Hitting the gym after a long day's work can be physically challenging enough without having to worry about chafing. Unlike hiking, running, or many other activities, a tough gym session gets your body and legs moving in a range of different ways; and this can provide an array of problems for those suffering from chafed thighs. With these four simple steps, you can avoid dealing with unwanted and uncomfortable rashes, and can give it your all in the gym.
Don't sweat it!
It's no secret that sweat is the primary cause of chafing during workouts. Of course, preventing this is easier said than done – particularly for those looking to perform at their best. Make sure to wash and dry properly after a workout; and if you see a rash developing, make sure to apply antibacterial ointment or rub vitamin E cream on the affected areas.
It's also important to remember the link between temperature and chafing. Though it may not always be possible, try to work out at a gym with efficient air conditioning, and make sure to cool down and stay hydrated appropriately.
Wear the right gear.
Another common suspect for chafing is loose-fitting clothing – so make sure your gear fits properly. It's best to avoid cotton, as it can become damaging once wet, which is the reason why activewear brands tend to stick to synthetics. For men and women suffering from inner thigh chafing, No More Chafe Thigh Guards are a no-brainer, because they move with your body. If you crouch, the thigh guards will adjust and adapt as your body crouches, the same happens when you jump, sprint, bend, walk, twist or do any movement you want. Many short-course runners and marathon runners may opt to wear a pair of anti chafing shorts, this may be suitable for people who are strictly running, without many other movements involved. Make sure to wear the gear that fits you appropriately and is suitable to your activity.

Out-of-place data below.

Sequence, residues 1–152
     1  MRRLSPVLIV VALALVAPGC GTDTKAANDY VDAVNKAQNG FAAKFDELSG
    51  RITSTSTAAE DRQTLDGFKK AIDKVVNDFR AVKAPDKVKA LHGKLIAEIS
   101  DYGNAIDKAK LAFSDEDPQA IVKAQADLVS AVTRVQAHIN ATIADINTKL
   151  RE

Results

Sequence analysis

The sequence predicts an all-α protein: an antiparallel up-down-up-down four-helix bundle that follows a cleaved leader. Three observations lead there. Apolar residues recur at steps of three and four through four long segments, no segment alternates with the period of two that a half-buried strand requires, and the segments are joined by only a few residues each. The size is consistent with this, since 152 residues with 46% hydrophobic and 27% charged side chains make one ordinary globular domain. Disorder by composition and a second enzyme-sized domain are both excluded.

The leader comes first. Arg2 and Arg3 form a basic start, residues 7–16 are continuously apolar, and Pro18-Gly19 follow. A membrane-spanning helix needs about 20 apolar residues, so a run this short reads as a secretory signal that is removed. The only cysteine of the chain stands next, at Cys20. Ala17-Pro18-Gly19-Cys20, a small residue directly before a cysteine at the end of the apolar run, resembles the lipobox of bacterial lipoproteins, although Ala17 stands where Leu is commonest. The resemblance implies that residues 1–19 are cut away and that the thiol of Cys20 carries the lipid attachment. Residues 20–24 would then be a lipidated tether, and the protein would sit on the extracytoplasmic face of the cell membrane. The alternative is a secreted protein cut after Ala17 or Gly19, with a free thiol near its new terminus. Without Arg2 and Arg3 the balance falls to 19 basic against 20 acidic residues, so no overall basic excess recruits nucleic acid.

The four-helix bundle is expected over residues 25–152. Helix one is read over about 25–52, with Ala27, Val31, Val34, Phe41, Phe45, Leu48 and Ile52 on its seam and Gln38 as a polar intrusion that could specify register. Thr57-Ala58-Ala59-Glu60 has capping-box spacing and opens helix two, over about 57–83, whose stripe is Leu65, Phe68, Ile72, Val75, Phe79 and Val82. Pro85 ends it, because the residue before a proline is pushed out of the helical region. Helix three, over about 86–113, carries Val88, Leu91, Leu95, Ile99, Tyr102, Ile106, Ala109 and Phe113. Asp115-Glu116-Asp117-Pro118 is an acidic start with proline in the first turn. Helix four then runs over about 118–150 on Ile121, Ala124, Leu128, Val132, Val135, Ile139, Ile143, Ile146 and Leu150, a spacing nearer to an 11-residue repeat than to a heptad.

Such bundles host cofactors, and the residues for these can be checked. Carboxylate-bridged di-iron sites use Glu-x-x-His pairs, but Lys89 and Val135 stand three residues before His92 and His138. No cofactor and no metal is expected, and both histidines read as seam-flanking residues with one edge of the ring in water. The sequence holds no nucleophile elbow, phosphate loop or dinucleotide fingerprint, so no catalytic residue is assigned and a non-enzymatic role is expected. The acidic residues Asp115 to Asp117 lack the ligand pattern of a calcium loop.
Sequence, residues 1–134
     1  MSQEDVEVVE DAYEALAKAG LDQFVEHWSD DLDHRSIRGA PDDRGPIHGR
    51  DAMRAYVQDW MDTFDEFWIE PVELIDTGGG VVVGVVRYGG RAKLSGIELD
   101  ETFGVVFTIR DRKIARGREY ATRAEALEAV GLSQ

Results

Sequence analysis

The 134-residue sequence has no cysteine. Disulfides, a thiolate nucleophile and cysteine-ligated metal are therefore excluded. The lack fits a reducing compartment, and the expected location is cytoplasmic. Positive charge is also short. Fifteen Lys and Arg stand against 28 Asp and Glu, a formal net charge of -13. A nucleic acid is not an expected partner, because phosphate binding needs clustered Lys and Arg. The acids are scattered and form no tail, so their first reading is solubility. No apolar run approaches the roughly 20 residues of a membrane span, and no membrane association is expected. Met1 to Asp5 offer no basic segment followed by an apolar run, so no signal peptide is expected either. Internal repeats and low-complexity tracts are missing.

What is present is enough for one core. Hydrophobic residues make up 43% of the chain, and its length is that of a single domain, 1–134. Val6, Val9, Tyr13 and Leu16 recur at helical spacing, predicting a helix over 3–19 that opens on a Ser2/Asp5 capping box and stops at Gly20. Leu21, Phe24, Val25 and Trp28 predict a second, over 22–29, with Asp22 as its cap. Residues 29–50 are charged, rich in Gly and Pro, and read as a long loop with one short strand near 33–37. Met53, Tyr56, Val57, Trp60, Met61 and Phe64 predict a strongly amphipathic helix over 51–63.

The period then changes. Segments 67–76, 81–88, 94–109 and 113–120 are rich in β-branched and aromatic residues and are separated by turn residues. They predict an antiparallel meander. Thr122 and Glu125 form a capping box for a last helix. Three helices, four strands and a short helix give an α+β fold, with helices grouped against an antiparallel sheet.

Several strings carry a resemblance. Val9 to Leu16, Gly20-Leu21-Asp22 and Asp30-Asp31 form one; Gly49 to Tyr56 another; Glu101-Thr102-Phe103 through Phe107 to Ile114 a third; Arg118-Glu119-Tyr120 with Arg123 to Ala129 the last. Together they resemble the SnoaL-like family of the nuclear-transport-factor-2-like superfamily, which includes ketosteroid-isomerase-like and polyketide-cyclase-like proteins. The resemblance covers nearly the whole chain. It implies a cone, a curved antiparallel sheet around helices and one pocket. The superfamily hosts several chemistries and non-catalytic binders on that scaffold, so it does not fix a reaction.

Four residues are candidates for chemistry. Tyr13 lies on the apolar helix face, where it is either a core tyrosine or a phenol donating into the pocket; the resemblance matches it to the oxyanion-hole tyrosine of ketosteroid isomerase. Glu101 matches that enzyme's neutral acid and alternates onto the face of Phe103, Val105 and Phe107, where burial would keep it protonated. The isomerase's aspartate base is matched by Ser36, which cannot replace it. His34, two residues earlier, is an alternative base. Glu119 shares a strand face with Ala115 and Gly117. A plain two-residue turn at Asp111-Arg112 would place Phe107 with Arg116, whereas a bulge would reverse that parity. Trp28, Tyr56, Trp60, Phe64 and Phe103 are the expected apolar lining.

Create a barrier.
For many suffering from chafing, this is their first go-to: because this is what we are taught as children. Spreading a light layer of a lubricant product, such as Vaseline or talcum powder can help absorb the sweat that contributes to rashes but it is no chafing cure. In fact, many of these products don't really work all that well. Whilst you can short-term relief, the cream or balm that you're using will soon wear off, because your thighs are constantly rubbing together. Because, your skin is never actually physically protected with these products, it may not be a worthy investment. Particularly for those engaging in high-intensity cardiovascular exercise or even HIIT.
Mix it up.
If a workout (or even a particular exercise) leaves your skin irritated, opt for a different type of routine next time you hit the gym. It's well-known in the workout world that alternating between different muscle groups allows affected areas time to recover, and this advice spills over into chafing prevention. And while this is particularly important advice for the runners and the cardio bunnies amongst us, it's certainly also applicable to those with a preference for other areas. Deadlifting and squatting are well-known for their chafing effects – but for many heavy lifters, upper body and torso rashes can also be of concern.
A growing body of evidence also supports the idea that carrying out more strenuous exercises in the early morning or evening (when it's cooler out) can be immensely beneficial for those suffering from chafing. Of course, chafing effects everyone differently, so it's best to experiment with your routine to figure out what works best for you.